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 Perception Poses Barrier To Pain Management In Long Term Care

​Perception is key when it comes to appropriate pain management in long term care settings, according to a recent study in the United Kingdom journal, Nursing Older People.

The study, which sought to identify barriers to pain management in nursing homes, found that a patient’s inability to communicate because of sensory or cognitive impairment could lead to a significant hurdle in relieving pain.

For example, the study found that a patient who is experiencing pain, but whose behavior is commonly associated with dementia, can be misleading to caregivers.

The study utilized reports from nurses working in selected long term care homes in Ireland, who noted that patients’ attitudes, such as stoicism and the need to hide their pain from others, were a significant barrier to managing pain appropriately.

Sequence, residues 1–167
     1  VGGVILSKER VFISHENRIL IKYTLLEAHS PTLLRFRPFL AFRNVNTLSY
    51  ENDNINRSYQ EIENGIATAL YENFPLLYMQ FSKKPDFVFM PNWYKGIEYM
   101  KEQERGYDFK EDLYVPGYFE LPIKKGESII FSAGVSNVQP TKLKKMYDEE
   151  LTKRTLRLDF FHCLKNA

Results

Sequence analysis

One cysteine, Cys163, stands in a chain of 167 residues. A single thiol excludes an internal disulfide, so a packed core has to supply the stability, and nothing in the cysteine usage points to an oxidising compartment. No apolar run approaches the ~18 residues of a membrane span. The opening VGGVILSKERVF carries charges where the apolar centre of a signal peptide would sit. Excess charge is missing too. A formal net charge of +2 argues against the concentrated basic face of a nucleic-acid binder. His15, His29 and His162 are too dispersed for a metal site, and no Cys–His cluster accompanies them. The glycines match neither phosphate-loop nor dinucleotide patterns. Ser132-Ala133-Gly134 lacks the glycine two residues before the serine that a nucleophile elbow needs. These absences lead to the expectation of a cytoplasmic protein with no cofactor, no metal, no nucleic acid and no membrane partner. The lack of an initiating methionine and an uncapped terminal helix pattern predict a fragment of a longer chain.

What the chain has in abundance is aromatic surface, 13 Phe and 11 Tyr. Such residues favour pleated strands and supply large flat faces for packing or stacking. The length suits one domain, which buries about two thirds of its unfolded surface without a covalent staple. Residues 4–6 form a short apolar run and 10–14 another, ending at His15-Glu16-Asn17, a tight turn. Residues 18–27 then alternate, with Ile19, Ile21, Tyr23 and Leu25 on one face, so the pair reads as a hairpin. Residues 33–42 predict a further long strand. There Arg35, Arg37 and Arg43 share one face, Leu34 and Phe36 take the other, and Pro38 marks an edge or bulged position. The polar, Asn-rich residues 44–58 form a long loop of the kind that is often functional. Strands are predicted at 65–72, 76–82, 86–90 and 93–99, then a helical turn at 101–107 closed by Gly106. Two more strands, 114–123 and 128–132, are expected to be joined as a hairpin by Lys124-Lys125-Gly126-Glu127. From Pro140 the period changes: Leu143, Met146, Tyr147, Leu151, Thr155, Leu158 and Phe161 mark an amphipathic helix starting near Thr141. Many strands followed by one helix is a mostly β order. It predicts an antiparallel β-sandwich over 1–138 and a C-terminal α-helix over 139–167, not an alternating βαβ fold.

“Patient-related barriers were seen as interfering more often with optimal pain management than organizational-related or caregiver-related barriers,” the authors of the study said.

The inability to complete pain scales and communication difficulties as a result of sensory impairment were also common barriers.

“It is therefore essential that patients are encouraged to verbalize their pain to family and care staff,” the researchers said.

The solution, the authors posit, is a targeted approach to addressing the identified barriers. The authors advocate ongoing education on pain for all caregivers working in long term care settings, with particular emphasis on the practical application of observational tools, such as pain scales for patients with dementia.

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